“Thunderbolt and Lightfoot” is a rare treat, where all the stars seemed to align perfectly, making for a great motion picture experience. It took one screen tough guy, combined with an up and coming actor and a future Oscar-winning director. Those elements all elevate what could have been a normal heist film into a true American classic.
There is no doubt that Michael Cimino is a talented director and this is him in top form before the roller coaster of his career damaged his reputation as a filmmaker. “Thunderbolt and Lightfoot”  was a humble and promising movie that captured audiences and cast critics attention on his talent. What followed was the 1978 Best Picture winner, “The Deer Hunter.” That movie allowed him to become the next big thing in Hollywood. MGM invested so much faith in the Oscars that they gave him a chance to direct his next opus, “Heaven’s Gate” which ultimately put the major studio into bankruptcy. Luckily, the lion did roar again a year later.
However, soon after, Cimino’s career sank quicker than the Titanic and while he has continued to work over the years, the spotlight never shined on him again.
That however has little to do with the caliber of “Thunderbolt and Lightfoot.”
The plot is your typical heist picture, but is transcended into something more by the top-notch performances all across the board. An aging bank robber now in hiding meets a happy-go-lucky young sidekick that convinces him to do one more big robbery. He then reunites with his former partners to perform the task.
Clint Eastwood portrays John “Thunderbolt” Doherty in one of the performances of his career. Doherty is a quiet man with a gruff demeanor, who takes a liking to his younger and energetic sidekick. They have what could be best described as a father and son relationship and a deep care for one another. This proves that even tough guys need a good buddy in their journey in life. This element is so important here that one doesn’t even need the heist aspect to the film for it to be a success.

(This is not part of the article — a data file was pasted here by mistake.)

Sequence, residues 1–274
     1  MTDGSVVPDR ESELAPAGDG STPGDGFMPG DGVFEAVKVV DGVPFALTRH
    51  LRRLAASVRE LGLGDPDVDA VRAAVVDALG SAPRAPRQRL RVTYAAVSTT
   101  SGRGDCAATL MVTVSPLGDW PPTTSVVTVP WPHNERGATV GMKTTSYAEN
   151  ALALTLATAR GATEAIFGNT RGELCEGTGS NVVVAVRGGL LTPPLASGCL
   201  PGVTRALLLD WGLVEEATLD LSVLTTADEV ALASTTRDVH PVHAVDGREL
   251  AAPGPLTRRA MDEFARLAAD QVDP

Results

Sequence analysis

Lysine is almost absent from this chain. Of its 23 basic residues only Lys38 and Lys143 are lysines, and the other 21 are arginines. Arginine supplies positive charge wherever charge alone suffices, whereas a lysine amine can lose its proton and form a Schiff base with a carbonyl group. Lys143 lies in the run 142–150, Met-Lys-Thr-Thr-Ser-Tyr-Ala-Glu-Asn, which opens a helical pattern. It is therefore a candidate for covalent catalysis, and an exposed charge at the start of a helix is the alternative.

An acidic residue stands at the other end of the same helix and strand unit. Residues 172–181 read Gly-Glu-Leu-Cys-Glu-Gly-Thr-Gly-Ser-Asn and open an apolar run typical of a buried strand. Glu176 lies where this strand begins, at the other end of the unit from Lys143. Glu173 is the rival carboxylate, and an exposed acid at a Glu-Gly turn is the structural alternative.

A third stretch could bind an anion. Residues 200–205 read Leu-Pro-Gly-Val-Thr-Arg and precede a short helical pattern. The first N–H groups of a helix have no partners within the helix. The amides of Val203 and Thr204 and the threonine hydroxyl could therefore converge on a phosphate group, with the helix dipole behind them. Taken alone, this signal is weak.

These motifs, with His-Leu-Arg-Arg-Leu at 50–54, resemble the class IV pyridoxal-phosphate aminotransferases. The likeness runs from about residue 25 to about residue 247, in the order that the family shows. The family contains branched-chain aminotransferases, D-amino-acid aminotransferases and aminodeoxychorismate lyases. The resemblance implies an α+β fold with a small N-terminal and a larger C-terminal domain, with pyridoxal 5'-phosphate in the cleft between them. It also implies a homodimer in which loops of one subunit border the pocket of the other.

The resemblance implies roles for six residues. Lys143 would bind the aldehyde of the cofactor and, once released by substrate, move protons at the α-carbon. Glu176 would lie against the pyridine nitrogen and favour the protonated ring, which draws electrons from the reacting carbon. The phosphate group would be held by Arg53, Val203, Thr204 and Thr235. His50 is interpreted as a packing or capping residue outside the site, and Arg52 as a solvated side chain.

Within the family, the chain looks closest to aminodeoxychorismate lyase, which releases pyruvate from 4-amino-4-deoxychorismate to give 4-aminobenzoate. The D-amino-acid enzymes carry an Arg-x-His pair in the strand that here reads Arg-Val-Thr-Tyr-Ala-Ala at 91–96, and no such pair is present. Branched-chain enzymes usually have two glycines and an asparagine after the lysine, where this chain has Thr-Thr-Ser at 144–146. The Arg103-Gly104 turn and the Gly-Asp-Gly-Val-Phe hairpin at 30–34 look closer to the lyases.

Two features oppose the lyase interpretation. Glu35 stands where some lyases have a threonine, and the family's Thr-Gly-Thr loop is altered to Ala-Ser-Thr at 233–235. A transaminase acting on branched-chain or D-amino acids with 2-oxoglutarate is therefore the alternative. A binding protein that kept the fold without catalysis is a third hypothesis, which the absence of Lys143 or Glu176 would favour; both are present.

If you ever wondered where the term “star-making performance” came from, then look no further than Jeff Bridges’ Oscar-nominated performance as Lightfoot. This picture was Bridges at the prime of his career, where he matched the veteran Eastwood scene for scene. Here Bridges plays a young and extremely charismatic con-artist. It is impossible not to smile when he’s on screen. Lightfoot is a skirt chasing, prankster with glimpses of a dramatic side from time-to-time and that makes the character more than just a comedic side-kick.
One scene when where he is in drag is hysterical and his performance throughout will leave you with a tear in your eye.
The villain of the piece is portrayed by the former Oscar-winner for Best Supporting Actor [“Cool Hand Luke”] George Kennedy. As part of Thunderbolt’s gang, he is a ruthless piece of garbage that only cares about getting the money. He can’t stand Lightfoot’s carefree outlook on life and often tries to crush the young man’s spirit. Kennedy is a very good actor that is often overlooked because his career got pushed aside in the 80’s. Watch this film and “Cool Hand Luke” however and you will understand what a good actor this man is. Then check out “The Naked Gun” series and try to forget those lousy Breath Assure ads that he did.
Simply put, this is not only Cimino’s legacy, but also Kennedy’s as well, proving just how talented they really were.
Often cited for being a tad verbose, Cimino’s two biggest movies clock in at over three hours. “Thunderbolt and Lightfoot” is just under two hours, showing that he did know how to use an editing room. It flies by in no time.
In the 70’s a renaissance was taking over Hollywood, when performances mattered over material. It’s a period that is hard not to miss due to the actors that reveled and thrived during the time. Watch Eastwood, Bridges, and Kennedy thrive here in a great piece of motion picture art and watch the renaissance unfold right before your very eyes.